Scientific name Gracillariidae
Higher classification Gracillarioidea
Order Butterflies and moths
|Lower classifications Phyllonorycter, Horse‑chestnut leaf miner, Phyllocnistis citrella, Caloptilia, Acrocercops|
Gracillariidae is an important family of insects in the order Lepidoptera and the principal family of leaf miners that includes several economic, horticultural or recently invasive pest species such as the horse-chestnut leaf miner, Cameraria ohridella.
- Taxonomy and systematics
- Life history
- Larval hostplants
- Subfamilies and genera
Taxonomy and systematics
There are 98 described genera of Gracillariidae (see below). A complete checklist is available of all currently recognised species (de Prins and de Prins 2005). There are many undescribed species in the tropics but there is also an online catalogue of Afrotropical described species ; the South African fauna is quite well known. Although Japanese and Russian authors have recognised additional subfamilies (de Prins and de Prins, 2005), there are three currently recognised subfamilies, Phyllocnistinae of which is likely to be basal. In this subfamily, the primitive genus Prophyllocnistis from Chile feeds on the plant genus Drimys (Winteraceae), and has leaf mines structurally similar in structure to fossils (Davis, 1994) (see "Fossils"). While there have been some recent DNA sequence-based studies of Palaearctic species (Lopez-Vaamonde et al., 2003, 2006), there is need for a satisfactory modern global phylogenetic framework for the subfamilies of Gracillaridae. Some genera are very large, e.g. Acrocercops, Caloptilia, Cameraria, Epicephala and Phyllonorycter.
Gracillariidae occurs in all terrestrial regions of the World except Antarctica.
These generally small (wingspan 5–20 mm) moths are leaf miners as caterpillars, which can provide a useful means of identification, especially if the hostplant is known. The subfamilies differ by the adult moth resting posture (Davis and Robinson, 1999). Most Gracillariinae rest with the front of the body steeply raised; Lithocolletinae and Phyllocnistinae rest with the body parallel to the surface; in Lithocolletinae often with the head lowered.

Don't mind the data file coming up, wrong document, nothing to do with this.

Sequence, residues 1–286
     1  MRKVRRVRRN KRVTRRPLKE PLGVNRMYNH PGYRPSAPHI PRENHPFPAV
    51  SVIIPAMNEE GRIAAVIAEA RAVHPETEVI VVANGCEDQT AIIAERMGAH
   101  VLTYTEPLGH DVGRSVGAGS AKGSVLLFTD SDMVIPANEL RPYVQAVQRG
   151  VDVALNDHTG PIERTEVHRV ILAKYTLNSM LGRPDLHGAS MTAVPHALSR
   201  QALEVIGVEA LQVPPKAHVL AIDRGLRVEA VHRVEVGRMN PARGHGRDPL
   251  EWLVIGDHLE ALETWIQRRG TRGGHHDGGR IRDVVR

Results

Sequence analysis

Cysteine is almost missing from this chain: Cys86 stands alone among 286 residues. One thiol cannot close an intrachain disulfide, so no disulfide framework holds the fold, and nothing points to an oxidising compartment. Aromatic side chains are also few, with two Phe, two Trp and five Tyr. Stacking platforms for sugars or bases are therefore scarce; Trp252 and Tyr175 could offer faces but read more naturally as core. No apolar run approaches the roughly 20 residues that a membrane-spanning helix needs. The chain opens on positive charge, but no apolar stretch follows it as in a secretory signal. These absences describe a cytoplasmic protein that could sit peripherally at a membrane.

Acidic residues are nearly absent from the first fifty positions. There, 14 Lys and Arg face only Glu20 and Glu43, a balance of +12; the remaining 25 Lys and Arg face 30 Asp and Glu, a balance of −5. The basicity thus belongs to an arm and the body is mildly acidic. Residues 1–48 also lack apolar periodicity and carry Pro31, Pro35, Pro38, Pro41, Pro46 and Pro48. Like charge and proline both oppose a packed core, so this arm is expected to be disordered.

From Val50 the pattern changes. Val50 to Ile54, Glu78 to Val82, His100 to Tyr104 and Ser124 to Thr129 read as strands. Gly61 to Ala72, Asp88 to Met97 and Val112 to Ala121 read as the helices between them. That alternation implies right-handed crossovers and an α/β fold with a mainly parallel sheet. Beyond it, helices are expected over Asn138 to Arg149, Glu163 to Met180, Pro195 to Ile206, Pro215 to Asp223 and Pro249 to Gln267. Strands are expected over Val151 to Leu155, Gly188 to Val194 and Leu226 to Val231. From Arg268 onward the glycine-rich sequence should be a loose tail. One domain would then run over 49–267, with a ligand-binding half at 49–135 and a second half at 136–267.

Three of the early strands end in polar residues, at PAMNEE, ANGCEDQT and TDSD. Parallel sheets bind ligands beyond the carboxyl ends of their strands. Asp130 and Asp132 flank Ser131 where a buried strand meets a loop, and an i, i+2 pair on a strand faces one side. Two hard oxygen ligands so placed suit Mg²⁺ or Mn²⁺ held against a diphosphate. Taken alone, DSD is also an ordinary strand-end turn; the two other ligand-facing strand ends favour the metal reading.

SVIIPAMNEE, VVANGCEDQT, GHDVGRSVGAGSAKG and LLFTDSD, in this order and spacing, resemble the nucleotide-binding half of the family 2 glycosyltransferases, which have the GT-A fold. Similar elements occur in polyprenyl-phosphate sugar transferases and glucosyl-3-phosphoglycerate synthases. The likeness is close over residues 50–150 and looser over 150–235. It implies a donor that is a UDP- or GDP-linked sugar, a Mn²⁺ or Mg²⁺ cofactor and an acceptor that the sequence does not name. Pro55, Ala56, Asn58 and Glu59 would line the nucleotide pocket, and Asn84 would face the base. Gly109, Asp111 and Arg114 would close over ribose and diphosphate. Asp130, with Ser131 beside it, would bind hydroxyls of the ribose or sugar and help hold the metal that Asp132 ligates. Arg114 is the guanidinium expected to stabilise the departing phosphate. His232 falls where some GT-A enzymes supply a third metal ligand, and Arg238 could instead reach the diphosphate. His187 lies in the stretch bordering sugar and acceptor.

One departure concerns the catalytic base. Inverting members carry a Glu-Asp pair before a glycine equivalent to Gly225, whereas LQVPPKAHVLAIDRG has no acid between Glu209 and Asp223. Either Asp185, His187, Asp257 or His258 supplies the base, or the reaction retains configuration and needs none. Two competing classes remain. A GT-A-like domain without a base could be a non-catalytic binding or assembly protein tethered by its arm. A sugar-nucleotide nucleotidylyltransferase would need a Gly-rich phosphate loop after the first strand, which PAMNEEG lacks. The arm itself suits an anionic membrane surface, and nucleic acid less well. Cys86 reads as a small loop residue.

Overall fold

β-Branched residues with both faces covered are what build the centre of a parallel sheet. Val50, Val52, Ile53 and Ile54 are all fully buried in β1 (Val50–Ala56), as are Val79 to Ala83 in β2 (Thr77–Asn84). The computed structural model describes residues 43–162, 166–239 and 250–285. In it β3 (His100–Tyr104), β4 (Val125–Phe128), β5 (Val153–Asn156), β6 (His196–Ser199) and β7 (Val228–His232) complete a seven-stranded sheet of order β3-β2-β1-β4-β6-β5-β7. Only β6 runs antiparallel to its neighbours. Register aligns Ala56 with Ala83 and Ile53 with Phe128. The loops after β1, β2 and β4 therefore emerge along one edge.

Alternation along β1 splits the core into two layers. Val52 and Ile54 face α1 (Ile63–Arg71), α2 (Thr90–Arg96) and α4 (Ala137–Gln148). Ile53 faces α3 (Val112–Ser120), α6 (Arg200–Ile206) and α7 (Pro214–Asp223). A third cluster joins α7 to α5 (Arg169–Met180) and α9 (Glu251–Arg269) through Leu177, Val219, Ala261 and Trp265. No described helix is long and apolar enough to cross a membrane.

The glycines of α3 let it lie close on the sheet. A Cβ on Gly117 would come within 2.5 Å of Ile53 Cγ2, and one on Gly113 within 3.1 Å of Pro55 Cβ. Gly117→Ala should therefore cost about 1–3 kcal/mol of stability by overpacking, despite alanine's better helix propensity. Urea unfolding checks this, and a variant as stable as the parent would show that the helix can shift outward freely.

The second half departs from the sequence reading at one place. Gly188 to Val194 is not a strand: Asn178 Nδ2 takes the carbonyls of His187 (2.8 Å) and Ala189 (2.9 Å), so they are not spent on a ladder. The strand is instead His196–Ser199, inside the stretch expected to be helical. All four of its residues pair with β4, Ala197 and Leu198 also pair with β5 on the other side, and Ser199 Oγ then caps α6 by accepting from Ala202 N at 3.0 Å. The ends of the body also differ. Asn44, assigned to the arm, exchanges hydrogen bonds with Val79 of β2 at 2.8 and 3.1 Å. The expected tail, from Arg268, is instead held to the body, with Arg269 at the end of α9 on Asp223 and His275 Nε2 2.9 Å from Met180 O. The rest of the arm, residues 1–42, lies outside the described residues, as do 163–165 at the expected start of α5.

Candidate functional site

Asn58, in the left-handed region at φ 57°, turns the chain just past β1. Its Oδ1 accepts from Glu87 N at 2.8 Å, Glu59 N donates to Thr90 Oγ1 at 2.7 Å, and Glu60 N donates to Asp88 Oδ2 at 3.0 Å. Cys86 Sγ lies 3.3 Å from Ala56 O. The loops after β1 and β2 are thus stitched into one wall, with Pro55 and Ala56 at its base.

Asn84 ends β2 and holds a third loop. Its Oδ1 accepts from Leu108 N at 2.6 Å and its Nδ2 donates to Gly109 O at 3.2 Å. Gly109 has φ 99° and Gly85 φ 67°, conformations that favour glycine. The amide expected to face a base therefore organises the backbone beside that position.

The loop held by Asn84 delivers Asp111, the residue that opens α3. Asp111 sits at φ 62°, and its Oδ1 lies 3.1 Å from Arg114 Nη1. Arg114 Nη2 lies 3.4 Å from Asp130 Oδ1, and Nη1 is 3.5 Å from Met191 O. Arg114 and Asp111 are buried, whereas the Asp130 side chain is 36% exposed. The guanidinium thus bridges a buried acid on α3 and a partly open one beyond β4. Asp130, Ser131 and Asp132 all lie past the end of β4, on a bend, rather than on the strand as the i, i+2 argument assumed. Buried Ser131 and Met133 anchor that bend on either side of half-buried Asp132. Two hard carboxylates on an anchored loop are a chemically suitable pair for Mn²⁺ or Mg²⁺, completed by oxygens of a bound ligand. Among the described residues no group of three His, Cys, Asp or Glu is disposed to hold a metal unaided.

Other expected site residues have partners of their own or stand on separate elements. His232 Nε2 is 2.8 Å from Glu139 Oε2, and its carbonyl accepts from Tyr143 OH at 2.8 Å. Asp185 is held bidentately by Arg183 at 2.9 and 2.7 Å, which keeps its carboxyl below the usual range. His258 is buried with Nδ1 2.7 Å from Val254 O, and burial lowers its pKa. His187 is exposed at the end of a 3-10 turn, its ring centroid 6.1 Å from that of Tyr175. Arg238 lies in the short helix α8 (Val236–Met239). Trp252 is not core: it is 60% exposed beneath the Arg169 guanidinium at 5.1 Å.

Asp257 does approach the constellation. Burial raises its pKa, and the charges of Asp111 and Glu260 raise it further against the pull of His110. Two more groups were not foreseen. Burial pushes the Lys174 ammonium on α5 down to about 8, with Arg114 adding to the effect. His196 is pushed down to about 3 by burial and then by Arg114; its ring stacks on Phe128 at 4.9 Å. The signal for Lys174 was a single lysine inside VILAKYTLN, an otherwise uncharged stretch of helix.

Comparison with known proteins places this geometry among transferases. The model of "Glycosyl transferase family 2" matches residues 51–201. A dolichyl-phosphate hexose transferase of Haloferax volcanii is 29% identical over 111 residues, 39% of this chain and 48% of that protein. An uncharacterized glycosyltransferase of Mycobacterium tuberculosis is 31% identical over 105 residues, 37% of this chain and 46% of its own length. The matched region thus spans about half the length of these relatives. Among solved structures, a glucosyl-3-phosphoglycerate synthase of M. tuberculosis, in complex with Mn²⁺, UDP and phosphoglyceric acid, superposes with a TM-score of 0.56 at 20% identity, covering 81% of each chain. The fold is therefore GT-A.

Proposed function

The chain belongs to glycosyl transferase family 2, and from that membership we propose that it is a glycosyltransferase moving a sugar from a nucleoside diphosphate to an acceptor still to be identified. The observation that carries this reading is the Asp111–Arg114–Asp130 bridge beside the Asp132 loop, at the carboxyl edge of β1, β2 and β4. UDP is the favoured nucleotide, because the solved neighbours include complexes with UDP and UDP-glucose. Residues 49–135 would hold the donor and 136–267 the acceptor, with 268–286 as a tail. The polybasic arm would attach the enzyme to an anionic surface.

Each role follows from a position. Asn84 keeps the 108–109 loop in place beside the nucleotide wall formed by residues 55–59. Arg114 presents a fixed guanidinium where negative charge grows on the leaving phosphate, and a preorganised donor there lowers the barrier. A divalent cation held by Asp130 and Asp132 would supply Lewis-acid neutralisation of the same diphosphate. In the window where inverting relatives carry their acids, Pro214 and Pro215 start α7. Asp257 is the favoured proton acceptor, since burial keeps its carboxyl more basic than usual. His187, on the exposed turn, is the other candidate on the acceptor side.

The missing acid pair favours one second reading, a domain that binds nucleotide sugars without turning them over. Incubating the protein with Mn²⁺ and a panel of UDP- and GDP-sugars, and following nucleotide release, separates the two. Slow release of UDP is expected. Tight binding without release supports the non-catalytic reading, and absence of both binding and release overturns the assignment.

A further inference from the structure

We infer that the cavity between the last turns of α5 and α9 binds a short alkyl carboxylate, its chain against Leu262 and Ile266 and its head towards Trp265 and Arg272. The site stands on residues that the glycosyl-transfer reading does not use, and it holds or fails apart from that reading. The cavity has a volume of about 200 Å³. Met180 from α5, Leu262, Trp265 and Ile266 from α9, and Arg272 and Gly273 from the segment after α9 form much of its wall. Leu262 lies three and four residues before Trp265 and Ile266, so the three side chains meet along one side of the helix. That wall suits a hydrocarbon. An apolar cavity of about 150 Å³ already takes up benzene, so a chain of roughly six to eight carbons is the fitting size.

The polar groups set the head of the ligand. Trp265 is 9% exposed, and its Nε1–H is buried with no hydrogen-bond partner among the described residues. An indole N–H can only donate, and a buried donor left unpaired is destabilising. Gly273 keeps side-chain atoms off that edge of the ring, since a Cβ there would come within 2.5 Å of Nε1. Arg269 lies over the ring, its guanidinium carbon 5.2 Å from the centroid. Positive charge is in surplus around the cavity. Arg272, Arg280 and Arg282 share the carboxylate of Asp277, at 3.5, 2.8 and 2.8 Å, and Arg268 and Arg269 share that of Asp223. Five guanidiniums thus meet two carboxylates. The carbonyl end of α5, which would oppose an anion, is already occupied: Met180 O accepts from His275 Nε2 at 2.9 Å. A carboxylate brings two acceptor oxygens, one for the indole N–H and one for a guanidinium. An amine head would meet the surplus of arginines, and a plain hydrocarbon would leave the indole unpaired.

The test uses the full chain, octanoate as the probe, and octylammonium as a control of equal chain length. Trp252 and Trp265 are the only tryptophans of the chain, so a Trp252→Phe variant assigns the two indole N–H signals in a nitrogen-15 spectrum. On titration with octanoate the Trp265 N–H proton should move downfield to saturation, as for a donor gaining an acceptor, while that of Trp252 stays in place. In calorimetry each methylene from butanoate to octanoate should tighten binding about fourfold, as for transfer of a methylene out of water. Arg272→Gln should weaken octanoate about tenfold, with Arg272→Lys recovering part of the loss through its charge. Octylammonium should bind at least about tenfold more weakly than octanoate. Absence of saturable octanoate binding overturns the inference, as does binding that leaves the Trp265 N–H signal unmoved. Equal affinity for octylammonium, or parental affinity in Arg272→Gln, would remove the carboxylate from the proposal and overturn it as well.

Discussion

The first to fifth-instar larvae are flattened and possess specialised mouthparts adapted for feeding on sap. Older-instar larvae are cylindrical and have normal chewing mouthparts for feeding on plant tissue within the leaf mines, and have a fully functional silk-producing organ, the "spinneret". Some genera have an intermediate stage in this remarkable hypermetamorphosis (Davis and Robinson, 1999).
Many hostplants are known, generally dicotyledonous trees or shrubs. Patterns of hostplant shifting have been inferred for many United Kingdom species in the genus Phyllonorycter and its sister genus Cameraria (Lopez-Vaamonde et al., 2003). A recent DNA sequencing study mainly of Palaearctic species has shown that the burst of evolutionary adaptive radiation occurred long after that of the larval hostplants, rather than demonstrating a tight coevolutionary process (Lopez-Vaamonde et al., 2006).
The family is an old one, with fossil Phyllocnistinae mines known from 97-million-year-old rocks in Kansas and Nebraska (Labandeira et al. 1994). There are other fossil mines known from rocks of Eocene and Miocene age (de Prins and de Prins, 2005). There are also two adult moths known from Lithuanian or Baltic amber of Eocene age: Gracillariites lithuanicus Kozlov, 1987 and G. mixtus Kozlov, 1987) (de Prins and de Prins, 2005).